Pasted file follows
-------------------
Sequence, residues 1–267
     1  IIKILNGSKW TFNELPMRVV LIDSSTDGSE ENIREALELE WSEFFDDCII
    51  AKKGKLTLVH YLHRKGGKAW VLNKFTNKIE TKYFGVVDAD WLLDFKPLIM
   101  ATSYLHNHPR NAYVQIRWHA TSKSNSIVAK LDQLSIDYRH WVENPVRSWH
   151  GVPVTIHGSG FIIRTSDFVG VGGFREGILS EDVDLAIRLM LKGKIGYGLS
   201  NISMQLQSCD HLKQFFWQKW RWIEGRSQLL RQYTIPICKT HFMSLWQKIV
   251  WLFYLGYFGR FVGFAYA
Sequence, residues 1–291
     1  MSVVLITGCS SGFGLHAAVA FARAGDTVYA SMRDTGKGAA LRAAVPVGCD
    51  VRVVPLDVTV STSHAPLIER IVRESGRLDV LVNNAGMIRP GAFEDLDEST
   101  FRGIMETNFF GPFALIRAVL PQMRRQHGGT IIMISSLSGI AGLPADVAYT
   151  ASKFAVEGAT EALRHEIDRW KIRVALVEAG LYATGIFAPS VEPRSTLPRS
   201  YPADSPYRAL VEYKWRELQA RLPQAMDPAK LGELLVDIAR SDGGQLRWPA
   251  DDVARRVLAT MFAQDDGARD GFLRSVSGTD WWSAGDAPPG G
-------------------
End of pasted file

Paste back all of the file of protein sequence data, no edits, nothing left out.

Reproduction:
Sequence, residues 1–267
     1  IIKILNGSKW TFNELPMRVV LIDSSTDGSE ENIREALELE WSEFFDDCII
    51  AKKGKLTLVH YLHRKGGKAW VLNKFTNKIE TKYFGVVDAD WLLDFKPLIM
   101  ATSYLHNHPR NAYVQIRWHA TSKSNSIVAK LDQLSIDYRH WVENPVRSWH
   151  GVPVTIHGSG FIIRTSDFVG VGGFREGILS EDVDLAIRLM LKGKIGYGLS
   201  NISMQLQSCD HLKQFFWQKW RWIEGRSQLL RQYTIPICKT HFMSLWQKIV
   251  WLFYLGYFGR FVGFAYA
Sequence, residues 1–291
     1  MSVVLITGCS SGFGLHAAVA FARAGDTVYA SMRDTGKGAA LRAAVPVGCD
    51  VRVVPLDVTV STSHAPLIER IVRESGRLDV LVNNAGMIRP GAFEDLDEST
   101  FRGIMETNFF GPFALIRAVL PQMRRQHGGT IIMISSLSGI AGLPADVAYT
   151  ASKFAVEGAT EALRHEIDRW KIRVALVEAG LYATGIFAPS VEPRSTLPRS
   201  YPADSPYRAL VEYKWRELQA RLPQAMDPAK LGELLVDIAR SDGGQLRWPA
   251  DDVARRVLAT MFAQDDGARD GFLRSVSGTD WWSAGDAPPG G